And at Zweistein, disco lights and syntho-pop keep us content in this smallish bar also equipped with spacious toilets (where male and even female couples sometimes disappear for a minute or two, or three)Â….
In this toilet, I find postcards emblazoned with anti-IV drug propaganda and imprints of Pamela Anderson, proving what I’ve heard about Euro-popularity of Baywatch reruns.
As we jump into our waiting cab, I talk to the driver, Wolfgang from Innsbruck, who points out the nearby club featuring Salsa Nacht, but we three are ready to head back to the Schloss and nurse ourselves through the night into next morning’s lecture.
[PHOTO: Festung Hohensalzburg]
Hiking up the steep incline to the main Salzburg Fortress (Festung Hohensalzburg) with colleagues, we rest near the Torture Tower over beer, enjoying the bulwarks of medieval Austrian defense and punishment.
Afterwards, a stroll through the Zentrum leads me with a few others to Media Markt, a sort of Euro-style Best Buy. J.L wants to scope out the jazz CDs, but the first thing I see on the rack is fellow Texan Kinky Friedman‘s classic, They Ain’t Makin’ Jews Like Jesus Anymore. This is, of course, a cosmic sign that I really must buy this record.
With a quick adventure on public transit, it’s back to the Schloss for an Austrian-style barbecue.
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[PHOTO: Benjamin geht in den Zentrum.]
In the high and wide Raum of the Schloss library, thoughts unravel and realign. The view framing this screen expands such sentiments, with ideas shooting up the sides of mountains and over across into Germany, past that, to London and then maybe Helsinki.
I must trace my way backwards.
Today, a contentious working-group meeting, like trying to grab hold of a greased pig.
This morning, a lecture with two liter bottles of water, to replenish and rehydrate.
Last night (also this morning?), shutting down the Great Hall, burning down the Bierstube, conversations in every direction like a train on fire, like a runaway semi-truck barreling down the side of a California cliff, just a’riding them brakes all the way downÂ…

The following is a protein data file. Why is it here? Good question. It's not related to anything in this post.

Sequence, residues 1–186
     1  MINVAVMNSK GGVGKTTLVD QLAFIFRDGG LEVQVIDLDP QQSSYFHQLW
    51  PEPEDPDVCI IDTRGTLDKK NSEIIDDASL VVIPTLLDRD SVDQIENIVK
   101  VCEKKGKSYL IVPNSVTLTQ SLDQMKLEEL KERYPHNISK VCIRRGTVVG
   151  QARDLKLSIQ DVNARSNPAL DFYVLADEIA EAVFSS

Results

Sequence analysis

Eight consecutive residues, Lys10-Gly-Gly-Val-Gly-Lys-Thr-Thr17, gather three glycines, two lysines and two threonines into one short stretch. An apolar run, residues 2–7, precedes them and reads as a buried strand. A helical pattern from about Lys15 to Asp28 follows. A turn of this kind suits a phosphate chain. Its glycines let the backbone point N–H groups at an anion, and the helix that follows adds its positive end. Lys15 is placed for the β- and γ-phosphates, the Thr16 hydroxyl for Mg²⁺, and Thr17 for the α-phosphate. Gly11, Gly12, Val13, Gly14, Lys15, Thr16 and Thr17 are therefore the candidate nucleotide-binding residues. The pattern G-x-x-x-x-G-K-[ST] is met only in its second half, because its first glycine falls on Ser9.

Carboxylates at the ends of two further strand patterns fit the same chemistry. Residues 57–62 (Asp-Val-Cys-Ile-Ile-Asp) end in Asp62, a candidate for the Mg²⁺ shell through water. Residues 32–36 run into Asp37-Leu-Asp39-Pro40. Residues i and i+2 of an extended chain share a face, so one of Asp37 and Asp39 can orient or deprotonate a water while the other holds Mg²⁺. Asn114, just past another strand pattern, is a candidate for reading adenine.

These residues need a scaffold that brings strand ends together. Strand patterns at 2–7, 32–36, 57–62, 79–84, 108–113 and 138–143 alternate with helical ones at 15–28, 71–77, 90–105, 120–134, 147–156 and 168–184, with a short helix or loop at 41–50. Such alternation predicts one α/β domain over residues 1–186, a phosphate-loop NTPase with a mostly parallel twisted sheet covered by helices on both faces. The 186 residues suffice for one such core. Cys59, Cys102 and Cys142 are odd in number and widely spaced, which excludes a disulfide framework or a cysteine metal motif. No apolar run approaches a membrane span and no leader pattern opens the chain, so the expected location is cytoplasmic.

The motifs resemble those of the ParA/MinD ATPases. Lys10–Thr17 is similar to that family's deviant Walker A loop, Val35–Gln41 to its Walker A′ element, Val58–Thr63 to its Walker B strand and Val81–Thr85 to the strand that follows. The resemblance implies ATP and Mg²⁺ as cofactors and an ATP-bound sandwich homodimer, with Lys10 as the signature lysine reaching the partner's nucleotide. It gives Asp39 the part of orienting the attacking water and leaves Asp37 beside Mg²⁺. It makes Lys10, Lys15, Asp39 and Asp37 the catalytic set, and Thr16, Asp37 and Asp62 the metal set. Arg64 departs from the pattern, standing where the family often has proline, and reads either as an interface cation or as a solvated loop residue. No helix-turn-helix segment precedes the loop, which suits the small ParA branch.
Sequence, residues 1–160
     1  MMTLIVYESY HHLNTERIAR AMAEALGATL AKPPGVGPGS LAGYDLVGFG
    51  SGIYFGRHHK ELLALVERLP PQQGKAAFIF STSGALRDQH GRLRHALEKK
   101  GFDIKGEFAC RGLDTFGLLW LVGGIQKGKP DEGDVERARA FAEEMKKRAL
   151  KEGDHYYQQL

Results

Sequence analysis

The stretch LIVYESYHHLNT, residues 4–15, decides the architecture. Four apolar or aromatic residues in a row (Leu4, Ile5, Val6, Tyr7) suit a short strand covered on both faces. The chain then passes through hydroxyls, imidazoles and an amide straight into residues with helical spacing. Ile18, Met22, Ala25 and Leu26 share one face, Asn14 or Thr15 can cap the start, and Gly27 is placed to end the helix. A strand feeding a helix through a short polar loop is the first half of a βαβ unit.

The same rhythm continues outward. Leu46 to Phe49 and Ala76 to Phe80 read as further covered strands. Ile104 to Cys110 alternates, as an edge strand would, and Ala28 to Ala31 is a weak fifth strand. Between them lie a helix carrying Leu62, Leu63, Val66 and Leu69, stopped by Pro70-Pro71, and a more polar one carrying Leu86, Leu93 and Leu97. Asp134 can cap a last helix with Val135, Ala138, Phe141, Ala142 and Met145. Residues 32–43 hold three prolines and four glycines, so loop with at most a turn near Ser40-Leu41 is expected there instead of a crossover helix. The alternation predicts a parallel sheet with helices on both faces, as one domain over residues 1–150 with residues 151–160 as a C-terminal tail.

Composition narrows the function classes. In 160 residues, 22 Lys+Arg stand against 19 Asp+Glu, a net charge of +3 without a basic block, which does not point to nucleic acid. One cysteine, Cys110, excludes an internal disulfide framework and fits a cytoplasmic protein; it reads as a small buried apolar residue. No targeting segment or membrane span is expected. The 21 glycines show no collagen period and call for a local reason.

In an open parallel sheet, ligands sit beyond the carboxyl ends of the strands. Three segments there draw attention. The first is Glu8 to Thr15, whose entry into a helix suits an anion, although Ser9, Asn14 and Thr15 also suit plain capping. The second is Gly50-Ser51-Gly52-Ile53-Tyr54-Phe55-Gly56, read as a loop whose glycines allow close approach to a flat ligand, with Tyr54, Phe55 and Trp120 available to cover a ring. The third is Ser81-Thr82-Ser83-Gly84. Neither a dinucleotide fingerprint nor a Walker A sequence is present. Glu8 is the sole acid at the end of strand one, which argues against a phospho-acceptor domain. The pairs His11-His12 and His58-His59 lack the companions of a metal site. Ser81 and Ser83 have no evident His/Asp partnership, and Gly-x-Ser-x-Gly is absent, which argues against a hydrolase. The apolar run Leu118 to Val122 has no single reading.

Arguments, accented with a pounding fist to the table, defending the lecture that pissed almost everybody (but not me) off, about “CORE” and “PERIPHERY” systems in this globalized world, and coming back around to feeling like I am a conservative among academics.
“Extremism in defense of moderation is no vice.”
Some of us left the periphery to come to the core, to get an education, to move up and perhaps fulfill parents’ dreams. And so why have we not returned to the periphery? Well isn’t that obvious? Or should we perhaps disavow every single advantage, then, and do penance? In which case, I should move back to Texas and immediately offer myself up for Homeland Security removal.
No? What then?
Connections with our International Studies Program faculty: Reinholdt signs his book, Satchmo Meets Amadeus, for me. Dr. Bill Reckmeyer (ISP faculty) talks NBA as his paradigm to describe the structures of power and suggest how we might develop a model of cooperative competition. The realities of Realpolitik and the urge from some academics to keep hands clean in the realm of criticism: We know so much about what we’re against, but what are we FOR and what do we DO about it?
And how do we get there? Reactions from the heart are OK, but what about the head? And how to use our hands, to get to a better place if not the best place, a new world?
And then the “informal optionals,” the impromptu gay/straight alliance in which I was the hetero-ambassador. The post-barbecue savor of Austrian baked beans and elotes segues into Stiegl after Stiegl after Stiegl, and wine, and nicotine, and discourse past 3am over a knocked-out colleague, to the tune of piano doodles, of waltzes and salsa.
I am starting to feel the fire, to sense the most magnetic pull to wander more, to write, to meet new people in Johannesburg and Dubai, to take that walk instead of just talking so much talk, to make new colleagues in every nook and cranny possible.
And before all of this, walking into the Media Markt after the Festung, searching for CDs with J.L., Corey, and Maria. The first thing I see on the racks is Kinky Friedman, They Ain’t Makin’ Jews Like Jesus Anymore. COSMIC, that I should see this CD (with some German liner notes) from my fellow Texan and his “Ride ’em JewboysÂ…”
As far away as I can find myself, home pops up just around the corner. So keep looking, keep turning down these tiny streets, keep hiking up the Festung, get lost, take the bus, jump in a cab, and then bust out on the foosball table. Win/lose, then strike out in the darkness down that unfamiliar path.
Weiter. Noch Weiter. And then a break along the way, opening into stands of trees, babbling brooks. “Ãœber meine Mütze/ Nur die Sterne.” Over my head/ Nothing but stars.